I sometimes read Quora to find out where job seekers’ heads are at and to read stories of human kindness, particularly among strangers.
One such story involved a woman’s victory over road rage.
Something happened out there on the road, and a man pulled in next to her in the parking lot and began yelling at her.
Although she hadn’t done anything wrong, or perhaps because she hadn’t done anything wrong, she apologized. She wasn’t trying to win the fight; she was attempting to deescalate it. It was a conscious choice.
Later (and I don’t even know if this part is true, but who really cares), the man left a note on her car that said he’d been through a lot and was sorry for yelling. Honestly, though this is a nice happy ending and we all wish for nice happy endings, I think the note takes away from the more important message: that we can all beat anger.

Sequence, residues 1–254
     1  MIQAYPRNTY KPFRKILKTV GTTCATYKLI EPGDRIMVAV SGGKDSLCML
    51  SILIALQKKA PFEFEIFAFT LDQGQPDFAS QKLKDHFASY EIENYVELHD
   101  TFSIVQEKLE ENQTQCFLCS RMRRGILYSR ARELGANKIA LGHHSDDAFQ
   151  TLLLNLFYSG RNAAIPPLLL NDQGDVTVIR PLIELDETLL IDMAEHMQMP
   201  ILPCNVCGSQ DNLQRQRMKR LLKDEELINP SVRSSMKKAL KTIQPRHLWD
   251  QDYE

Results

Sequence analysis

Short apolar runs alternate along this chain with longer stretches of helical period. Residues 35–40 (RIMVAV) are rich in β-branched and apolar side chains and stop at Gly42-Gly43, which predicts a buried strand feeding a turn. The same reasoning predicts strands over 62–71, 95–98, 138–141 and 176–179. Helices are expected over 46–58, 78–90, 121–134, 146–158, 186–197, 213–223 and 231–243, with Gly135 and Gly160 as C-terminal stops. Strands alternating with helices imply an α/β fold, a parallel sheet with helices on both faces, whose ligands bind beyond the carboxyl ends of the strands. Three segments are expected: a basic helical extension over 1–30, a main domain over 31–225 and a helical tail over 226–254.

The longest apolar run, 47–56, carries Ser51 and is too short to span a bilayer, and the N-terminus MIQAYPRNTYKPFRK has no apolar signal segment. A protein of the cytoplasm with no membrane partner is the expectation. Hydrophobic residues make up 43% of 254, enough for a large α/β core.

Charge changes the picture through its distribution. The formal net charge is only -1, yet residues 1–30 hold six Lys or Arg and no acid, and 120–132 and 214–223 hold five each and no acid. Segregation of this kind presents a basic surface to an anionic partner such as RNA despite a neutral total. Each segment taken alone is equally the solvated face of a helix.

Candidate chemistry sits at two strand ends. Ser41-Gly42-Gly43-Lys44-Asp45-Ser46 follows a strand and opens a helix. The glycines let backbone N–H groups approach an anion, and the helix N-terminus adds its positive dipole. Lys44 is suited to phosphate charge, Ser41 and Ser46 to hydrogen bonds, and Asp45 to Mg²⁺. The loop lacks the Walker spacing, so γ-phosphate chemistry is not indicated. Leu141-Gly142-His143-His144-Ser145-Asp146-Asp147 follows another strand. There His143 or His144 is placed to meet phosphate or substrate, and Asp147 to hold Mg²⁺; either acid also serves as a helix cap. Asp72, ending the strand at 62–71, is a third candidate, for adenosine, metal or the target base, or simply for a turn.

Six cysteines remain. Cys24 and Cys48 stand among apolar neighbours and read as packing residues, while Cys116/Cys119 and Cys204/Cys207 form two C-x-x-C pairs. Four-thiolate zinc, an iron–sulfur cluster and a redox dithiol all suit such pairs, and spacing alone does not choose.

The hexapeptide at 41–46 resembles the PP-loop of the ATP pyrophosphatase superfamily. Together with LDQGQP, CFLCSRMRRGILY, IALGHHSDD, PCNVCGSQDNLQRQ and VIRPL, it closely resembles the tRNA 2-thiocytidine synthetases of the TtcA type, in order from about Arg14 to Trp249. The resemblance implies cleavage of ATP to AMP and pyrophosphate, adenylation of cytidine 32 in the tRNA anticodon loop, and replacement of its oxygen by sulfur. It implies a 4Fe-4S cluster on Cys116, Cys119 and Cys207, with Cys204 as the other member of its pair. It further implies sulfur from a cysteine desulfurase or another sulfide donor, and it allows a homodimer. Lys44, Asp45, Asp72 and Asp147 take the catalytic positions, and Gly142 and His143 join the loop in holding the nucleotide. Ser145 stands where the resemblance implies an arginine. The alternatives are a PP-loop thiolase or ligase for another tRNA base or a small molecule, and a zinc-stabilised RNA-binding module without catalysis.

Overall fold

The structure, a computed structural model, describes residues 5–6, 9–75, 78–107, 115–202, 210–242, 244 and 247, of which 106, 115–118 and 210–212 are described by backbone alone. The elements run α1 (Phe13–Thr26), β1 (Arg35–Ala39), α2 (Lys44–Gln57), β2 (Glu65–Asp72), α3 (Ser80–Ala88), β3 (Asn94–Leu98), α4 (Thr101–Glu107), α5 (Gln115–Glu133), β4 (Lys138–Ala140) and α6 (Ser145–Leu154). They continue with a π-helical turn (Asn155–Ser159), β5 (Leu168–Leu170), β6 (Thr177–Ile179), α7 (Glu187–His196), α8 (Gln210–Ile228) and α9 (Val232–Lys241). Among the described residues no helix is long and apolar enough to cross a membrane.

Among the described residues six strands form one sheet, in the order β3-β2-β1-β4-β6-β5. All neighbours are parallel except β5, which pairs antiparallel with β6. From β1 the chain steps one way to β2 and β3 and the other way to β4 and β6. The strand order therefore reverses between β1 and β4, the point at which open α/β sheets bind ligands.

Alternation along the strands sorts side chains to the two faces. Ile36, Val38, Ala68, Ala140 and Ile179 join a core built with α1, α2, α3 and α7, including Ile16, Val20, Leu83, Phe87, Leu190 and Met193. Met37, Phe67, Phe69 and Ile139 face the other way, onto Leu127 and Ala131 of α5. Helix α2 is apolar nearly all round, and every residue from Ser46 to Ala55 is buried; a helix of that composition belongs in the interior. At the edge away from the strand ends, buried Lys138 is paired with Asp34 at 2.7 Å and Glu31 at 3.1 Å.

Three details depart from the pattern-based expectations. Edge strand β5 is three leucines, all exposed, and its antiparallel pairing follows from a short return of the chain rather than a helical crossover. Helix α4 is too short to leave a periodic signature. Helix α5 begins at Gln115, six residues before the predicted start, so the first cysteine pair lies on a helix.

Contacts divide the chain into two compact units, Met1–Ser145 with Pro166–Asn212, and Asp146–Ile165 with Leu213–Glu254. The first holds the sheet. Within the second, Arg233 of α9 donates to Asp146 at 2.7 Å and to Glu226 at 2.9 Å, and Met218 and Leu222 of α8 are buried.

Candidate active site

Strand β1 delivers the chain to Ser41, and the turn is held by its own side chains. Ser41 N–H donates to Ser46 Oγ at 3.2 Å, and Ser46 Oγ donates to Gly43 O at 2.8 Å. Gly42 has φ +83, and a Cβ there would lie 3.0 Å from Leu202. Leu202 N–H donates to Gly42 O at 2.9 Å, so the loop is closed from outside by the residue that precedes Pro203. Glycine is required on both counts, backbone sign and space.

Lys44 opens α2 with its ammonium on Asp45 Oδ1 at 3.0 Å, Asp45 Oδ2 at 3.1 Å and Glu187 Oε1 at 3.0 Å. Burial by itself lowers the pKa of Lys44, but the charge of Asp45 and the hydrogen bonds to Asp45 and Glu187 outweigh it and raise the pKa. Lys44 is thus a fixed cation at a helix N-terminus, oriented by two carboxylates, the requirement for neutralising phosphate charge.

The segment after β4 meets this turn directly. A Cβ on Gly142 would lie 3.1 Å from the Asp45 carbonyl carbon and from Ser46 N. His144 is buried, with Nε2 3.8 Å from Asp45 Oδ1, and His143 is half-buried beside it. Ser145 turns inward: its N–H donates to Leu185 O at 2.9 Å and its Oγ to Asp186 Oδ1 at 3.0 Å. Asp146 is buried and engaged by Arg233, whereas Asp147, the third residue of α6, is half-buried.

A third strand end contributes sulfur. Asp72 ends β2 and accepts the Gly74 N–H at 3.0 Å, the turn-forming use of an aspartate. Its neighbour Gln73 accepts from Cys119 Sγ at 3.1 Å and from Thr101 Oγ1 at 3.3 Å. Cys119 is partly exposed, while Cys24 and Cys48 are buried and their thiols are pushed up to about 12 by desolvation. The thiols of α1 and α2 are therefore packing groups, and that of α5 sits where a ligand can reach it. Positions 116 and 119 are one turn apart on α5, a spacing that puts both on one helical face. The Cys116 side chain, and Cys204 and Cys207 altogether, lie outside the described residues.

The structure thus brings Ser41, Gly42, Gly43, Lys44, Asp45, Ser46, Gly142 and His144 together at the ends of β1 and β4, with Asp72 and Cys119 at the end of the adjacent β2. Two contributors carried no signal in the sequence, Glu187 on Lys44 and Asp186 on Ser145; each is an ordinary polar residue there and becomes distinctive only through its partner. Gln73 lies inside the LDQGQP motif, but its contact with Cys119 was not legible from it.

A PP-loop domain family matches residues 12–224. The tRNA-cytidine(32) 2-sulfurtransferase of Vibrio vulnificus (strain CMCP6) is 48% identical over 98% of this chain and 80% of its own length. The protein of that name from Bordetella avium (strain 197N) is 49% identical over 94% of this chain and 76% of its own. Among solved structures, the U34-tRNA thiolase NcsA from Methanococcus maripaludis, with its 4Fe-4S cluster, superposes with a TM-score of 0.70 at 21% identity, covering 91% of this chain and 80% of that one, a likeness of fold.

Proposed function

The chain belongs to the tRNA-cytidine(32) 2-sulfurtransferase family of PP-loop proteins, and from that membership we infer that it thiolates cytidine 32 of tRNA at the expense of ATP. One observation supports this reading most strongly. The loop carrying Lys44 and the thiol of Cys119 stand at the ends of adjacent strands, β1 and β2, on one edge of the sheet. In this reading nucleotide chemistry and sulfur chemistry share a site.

Apparently, that’s not how a lot of people in the forum felt.
Nutjob deserves a punch in the face.
I would have taken a pipe to his head.
He does that to me, he’d regret it.
You should have called the cops.
The minute he followed you, he crossed a line.
Now, I can see what we’re up against.
Righteous anger. Justified hate: the most dangerous of our emotions, because it not only puts the pipe in our hands but compliments us after we swing.
This woman, rather than beating the man, beat her own anger. And, in doing so, created the possibility for the man to beat his. That is to be celebrated.
Compassion is not a weakness. Apologies are not submissive; they’re courageous.
We, as humans, only evolve in one direction: from anger to kindness, from alienation to understanding, from aggression to forgiveness.
Never the other way around.